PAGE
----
I have a wise and wonderful friend who every year, starting at age 26, would write a blog post about being X years old and single. (links at the end if you want to check them out; she’s so great)
Maybe it’ll just be a thing now for me to write about singleness every year in June, because after spending half the month slowly working on these new thoughts, I realized that the first post I wrote about it was published on June 30th.
Church family is a beautiful thing, and if you have it, you have enough.
Because it’s not good to be alone, and I don’t believe that God meant “not married” when he said “alone.”
You need people. People who know you and let you know them, people you can confess your junk with, people who make you love Jesus more, people to celebrate with.
And God can give you all that whether or not he ever has marriage in the plan. It looks really different, but it’s still all there.
I came home from staff retreat earlier this month and almost immediately sat down to start writing this, because there’s always at least one point on any Midtown trip where I’m hit with all that God’s given me in singleness, and I say “Okay Jesus, if I could keep this family forever, I could maybe be single forever.” I’m sure I’ll take it back in ten years when there are even fewer single people my age, but dang. Here and now, life is good.
I’m surrounded by married couples who can teach me things, I’ve got tons of kids to love on and teach things to, and if my parents ever move really far away I know I’d have people to take me in on holidays.
I have great friends. Friends who know me, friends who call me out when I need it, friends who will listen when I’m not as thankful for my life as I should be, and some who are all of the above. In a month I’ll have a friend who lives with me.
I’m not alone. And I’m thankful.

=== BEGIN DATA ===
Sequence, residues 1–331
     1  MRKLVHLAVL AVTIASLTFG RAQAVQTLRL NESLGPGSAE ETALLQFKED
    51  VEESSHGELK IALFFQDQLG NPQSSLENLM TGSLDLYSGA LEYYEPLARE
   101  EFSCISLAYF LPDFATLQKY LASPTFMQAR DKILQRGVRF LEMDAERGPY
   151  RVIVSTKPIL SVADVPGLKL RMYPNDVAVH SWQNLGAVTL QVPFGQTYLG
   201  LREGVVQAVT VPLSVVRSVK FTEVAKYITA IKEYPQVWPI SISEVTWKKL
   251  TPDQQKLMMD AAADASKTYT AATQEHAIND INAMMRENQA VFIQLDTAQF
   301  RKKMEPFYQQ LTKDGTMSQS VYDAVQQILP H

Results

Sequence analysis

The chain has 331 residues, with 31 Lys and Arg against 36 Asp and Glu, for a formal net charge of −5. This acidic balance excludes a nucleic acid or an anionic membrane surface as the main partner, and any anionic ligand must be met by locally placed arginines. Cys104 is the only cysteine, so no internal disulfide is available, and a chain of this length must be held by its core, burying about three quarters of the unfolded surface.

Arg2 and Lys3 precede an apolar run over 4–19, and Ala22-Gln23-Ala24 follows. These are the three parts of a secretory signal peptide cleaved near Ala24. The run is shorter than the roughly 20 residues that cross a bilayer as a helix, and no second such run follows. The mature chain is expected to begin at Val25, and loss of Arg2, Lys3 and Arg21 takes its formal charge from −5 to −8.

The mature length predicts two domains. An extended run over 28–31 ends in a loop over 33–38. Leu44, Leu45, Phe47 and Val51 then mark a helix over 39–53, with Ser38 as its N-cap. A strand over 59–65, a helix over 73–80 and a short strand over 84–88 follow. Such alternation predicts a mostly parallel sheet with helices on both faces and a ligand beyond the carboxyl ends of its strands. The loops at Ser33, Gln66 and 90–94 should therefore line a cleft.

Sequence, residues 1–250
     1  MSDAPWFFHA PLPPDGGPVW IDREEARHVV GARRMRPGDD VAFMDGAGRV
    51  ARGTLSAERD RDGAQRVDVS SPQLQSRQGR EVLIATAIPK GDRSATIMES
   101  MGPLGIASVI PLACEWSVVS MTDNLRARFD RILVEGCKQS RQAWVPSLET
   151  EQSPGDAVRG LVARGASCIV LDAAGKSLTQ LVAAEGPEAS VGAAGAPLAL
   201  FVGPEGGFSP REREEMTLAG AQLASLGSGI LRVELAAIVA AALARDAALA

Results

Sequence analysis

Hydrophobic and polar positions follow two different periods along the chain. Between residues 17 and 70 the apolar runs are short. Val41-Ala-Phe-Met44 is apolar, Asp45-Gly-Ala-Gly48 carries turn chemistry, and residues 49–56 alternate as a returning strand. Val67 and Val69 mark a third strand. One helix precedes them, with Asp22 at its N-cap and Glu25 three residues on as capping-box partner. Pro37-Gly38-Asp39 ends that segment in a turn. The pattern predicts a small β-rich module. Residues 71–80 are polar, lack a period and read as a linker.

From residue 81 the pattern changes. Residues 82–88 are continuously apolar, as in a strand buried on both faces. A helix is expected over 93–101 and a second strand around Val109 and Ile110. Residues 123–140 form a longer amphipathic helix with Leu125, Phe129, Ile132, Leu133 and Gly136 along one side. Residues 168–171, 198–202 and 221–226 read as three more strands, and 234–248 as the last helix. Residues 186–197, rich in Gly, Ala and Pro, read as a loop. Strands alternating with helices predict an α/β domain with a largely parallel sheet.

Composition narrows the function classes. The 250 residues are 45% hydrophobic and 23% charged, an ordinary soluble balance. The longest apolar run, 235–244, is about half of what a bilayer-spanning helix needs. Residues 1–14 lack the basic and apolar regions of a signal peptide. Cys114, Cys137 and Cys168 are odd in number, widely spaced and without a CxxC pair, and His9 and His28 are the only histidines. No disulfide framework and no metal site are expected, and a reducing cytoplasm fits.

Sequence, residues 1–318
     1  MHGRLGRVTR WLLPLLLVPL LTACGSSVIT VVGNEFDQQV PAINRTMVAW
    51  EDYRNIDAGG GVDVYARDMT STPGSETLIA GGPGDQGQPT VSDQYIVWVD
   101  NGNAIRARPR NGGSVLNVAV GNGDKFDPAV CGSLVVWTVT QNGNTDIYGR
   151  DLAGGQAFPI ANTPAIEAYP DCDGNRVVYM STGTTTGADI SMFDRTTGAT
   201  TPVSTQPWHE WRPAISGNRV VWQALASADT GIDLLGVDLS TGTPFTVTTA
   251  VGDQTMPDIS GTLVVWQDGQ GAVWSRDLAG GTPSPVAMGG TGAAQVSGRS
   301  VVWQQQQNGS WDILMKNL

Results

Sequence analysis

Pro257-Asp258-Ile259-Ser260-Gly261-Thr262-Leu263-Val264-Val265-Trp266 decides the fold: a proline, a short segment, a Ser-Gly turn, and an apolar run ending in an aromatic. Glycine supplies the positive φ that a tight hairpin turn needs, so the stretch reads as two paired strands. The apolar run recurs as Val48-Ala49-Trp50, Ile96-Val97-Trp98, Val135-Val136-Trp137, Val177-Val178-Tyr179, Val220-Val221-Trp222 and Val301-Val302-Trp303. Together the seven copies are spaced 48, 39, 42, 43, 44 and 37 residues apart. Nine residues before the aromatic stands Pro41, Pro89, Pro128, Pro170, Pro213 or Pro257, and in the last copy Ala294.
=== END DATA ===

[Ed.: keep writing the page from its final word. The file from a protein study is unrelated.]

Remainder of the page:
But. Just to make sure that no single friends read this and get the idea that I have this perfectly figured out and can’t relate to them anymore, here’s a deeply honest story.
A few weeks ago I went on a walk with one of my married friends, and I asked her what was the best and the hardest thing about marriage; it’s my favorite question and no one ever answers it the same, and all single people should try it.
After she answered, she asked, “What’s the best and the hardest thing about singleness?” which no one had ever asked me before.
The best thing is that I have all the time and freedom in the world to drop everything and go places at a moment’s notice, and the hardest is driving home from church alone.
That sounds so simple, but that’s really what it boils down to. The smaller and less important things. God has given me everything I need and my life and heart are wonderfully full. And. Because I still have a very human heart, I still want little things, like getting in my car on Sundays and having someone to talk to. A friend I don’t have to say “see you Wednesday” to.
As much as my current season is a good gift, and I’m genuinely even more content than I was when I first wrote about that, I also haven’t stopped wanting to be married.
And that’s the newest thing I’ve become okay with in the past year: it’s okay to want marriage, because God came up with it, because he thinks it’s awesome, and it’s another good gift. Not an upgrade; just a different kind of good.
Go be happy-sad about it. God gets it.
And go get yourself a family. It’s not easy and may take six years(hopefully for you, it’ll be quicker than that) but it’s the best and most worth it thing.
PS, here are my dear Hope’s thoughts on being single at 25, 26, 27, 28, and 29. Then she got engaged at 30 and now she’s married. She’s one of the most put-together people I know, so if God kept her single until she was THIRTY-ONE then there’s hope for all of us.